Barbara Barrigan-Parrilla of Restore the Delta liked the idea. But in her enthusiasm, she took aim at the Stanislaus, Tuolumne and Merced rivers – echoing the state’s demand for 50 percent flows. She didn’t mention that 95 percent of the Delta has been channelized, leading to the demise of the Delta smelt. Not a word about tearing down levees to allow sinking islands to flood and create more habitat. Nothing about getting rid of striped bass that feast on smelt and juvenile salmon.

Apparently it’s less about restoring the Delta than about getting more water. It always is.

Read it here: http://www.modbee.com/opinion/opn-columns-blogs/mike-dunbar/article118612498.html#storylink=cpy

In accordance with Title 17 U.S.C. section 107, any copyrighted material herein is distributed without profit or payment to those who have expressed a prior interest in receiving this information for non-profit research and educational purposes only. For more information go to: http://www.law.cornell.edu/uscode/17/107.shtml

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Trump’s impact will be huge in California, where he was soundly rejected

Agriculture - California, Water, Resources & Quality

Trump’s impact will be huge in California, where he was soundly rejected

Sacramento Bee

Farmers from California’s Central Valley invested big time in Donald Trump, and soon the president-elect could repay the debt. During a Tulare County campaign event in late August that raised an estimated $1.3 million, Trump heard about the farmers’ need for water, among other issues. As president, he’ll appoint the people who can turn the taps, at least a little.

“The good thing is, he is more up to speed on water infrastructure than any other president we’ve had,” Rep. Devin Nunes, R-Visalia, said in an interview Wednesday. “Out here, everything is water, water, water.”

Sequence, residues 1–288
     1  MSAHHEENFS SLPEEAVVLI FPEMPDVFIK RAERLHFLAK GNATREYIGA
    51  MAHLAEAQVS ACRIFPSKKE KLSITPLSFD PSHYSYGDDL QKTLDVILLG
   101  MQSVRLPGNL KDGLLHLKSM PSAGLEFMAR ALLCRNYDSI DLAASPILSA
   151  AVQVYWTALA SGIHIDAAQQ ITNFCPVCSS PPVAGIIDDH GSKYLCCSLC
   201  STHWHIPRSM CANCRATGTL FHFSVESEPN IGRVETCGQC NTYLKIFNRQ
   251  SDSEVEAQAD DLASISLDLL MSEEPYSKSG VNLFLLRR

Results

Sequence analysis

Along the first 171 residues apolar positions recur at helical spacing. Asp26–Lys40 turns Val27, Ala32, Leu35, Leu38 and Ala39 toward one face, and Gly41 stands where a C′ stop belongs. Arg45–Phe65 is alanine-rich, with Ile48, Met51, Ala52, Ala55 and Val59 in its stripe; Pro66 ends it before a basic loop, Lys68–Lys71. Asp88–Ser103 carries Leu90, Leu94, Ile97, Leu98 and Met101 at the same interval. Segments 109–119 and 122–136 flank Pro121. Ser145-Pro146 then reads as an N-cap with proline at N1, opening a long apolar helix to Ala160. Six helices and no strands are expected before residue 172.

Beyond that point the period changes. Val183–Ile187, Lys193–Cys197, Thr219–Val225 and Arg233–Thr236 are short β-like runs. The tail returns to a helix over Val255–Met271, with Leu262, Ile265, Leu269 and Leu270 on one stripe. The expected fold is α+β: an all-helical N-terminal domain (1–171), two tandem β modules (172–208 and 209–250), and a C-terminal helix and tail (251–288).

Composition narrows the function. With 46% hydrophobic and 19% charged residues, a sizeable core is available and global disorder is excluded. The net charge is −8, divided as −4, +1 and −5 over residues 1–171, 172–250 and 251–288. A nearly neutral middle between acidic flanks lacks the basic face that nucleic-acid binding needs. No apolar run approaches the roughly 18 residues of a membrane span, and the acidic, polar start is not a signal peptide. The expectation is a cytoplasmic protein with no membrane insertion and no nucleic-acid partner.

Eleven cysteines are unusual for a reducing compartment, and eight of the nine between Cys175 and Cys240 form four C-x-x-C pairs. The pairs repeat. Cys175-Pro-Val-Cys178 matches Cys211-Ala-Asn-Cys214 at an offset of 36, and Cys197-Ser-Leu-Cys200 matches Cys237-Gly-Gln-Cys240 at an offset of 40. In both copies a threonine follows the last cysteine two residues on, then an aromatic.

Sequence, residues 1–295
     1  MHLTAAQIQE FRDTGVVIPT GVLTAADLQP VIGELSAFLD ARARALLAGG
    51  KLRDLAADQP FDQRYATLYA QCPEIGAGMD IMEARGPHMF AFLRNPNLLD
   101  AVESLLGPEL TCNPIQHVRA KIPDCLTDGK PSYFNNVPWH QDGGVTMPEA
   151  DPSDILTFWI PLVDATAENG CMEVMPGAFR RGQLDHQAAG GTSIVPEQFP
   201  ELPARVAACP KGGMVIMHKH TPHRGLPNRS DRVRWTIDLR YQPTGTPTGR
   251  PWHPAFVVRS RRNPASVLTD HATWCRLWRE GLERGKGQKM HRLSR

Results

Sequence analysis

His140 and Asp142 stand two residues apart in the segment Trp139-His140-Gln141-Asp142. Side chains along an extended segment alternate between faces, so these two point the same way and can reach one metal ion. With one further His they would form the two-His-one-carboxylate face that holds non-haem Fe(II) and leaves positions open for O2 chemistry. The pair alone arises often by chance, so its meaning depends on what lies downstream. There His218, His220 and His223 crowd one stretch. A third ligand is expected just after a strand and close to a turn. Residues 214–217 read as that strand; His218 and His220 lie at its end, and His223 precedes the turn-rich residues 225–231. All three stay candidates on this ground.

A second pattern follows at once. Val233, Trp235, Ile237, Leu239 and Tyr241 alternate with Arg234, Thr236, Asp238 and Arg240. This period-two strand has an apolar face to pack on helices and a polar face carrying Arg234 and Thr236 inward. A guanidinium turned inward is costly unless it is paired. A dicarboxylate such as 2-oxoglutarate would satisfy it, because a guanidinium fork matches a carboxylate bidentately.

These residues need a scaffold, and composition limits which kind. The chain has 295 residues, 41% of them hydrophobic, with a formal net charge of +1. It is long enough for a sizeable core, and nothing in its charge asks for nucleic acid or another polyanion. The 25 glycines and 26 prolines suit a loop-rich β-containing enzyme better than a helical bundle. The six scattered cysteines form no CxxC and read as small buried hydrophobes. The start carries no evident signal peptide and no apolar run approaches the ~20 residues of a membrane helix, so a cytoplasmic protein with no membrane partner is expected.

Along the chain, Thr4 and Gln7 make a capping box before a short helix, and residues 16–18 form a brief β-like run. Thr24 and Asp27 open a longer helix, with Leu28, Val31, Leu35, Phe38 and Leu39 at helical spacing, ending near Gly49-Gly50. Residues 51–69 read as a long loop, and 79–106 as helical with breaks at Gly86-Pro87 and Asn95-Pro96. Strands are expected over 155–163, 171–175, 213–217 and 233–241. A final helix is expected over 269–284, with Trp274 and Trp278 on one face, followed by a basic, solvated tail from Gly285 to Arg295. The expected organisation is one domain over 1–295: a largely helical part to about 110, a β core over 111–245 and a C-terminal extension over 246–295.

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California: Sites Reservoir backers prepare to seek bond money

Agriculture - California, Air, Climate & Weather, California water, Dams other than Klamath, Water, Resources & Quality

PNP comment:  Finally some movement on this situation! This is where the California Water Bond money should go, not to the destruction of the Klamath dams. — Editor Liz Bowen

Sites Reservoir backers prepare to seek bond money

Capital Press

Backers of the proposed Sites Reservoir west of here believe they have plenty of momentum going into next year’s application period for Proposition 1 water bond funds.

The number of agencies signed on to participate in the project has grown from 14 to 34, including from the San Francisco Bay area and San Joaquin Valley, said Jim Watson, general manager of the Sites Authority. And the Legislature recently passed Assembly Bill 2553, a bipartisan measure that will give flexibility in construction methods to help speed the project.

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Miners’ “Waters of the United States” Challenge to U.S. Supreme Court

Clean Water ACT - EPA, Courts, Federal gov & land grabs, Water, Resources & Quality

From: Mountain States Legal Foundation

FOR IMMEDIATE RELEASE

Contact: William Perry Pendley, 303/292-2021, Ext. 30

Miners’ “Waters of the United States” Challenge to U.S. Supreme Court

October 4, 2016 –

DENVER, CO. A 120-year-old nonprofit, non-partisan mining trade association with thousands of members today joined with other litigants in urging the Supreme Court of the United States to review its lawsuit against the Environmental Protection Agency (EPA), the U.S. Army Corps of Engineers, and their top officials over newly released final rules that purport to define “waters of the United States” in the Clean Water Act (CWA) after odd rulings from the U.S. Court of Appeals for the Sixth Circuit. The American Exploration & Mining Association (AEMA) (once Northwest Mining Association) of Spokane, Washington asserts that the rules published on June 29, 2015, violate both the Regulatory Flexibility Act and the Administrative Procedure Act. AEMA is represented by Mountain States Legal Foundation (MSLF), which commented on the draft rules by arguing that they illegally: extend to all waters (not just wetlands) and all waters adjacent to non-navigable interstate waters; create a new jurisdictional concept “similarly situated waters” by misquoting the Supreme Court; and ignore the Court’s demand regarding alleged wetlands adjacent to non-navigable tributaries.

“We ask the Court to answer a question of great national importance, that is, whether Congress intended a definitional rule delineating the scope of the Clean Water Act to be reviewed exclusively in the court of appeals, or, as the plain text of the law provides, in the federal district courts,” said William Perry Pendley, MSLF’s president.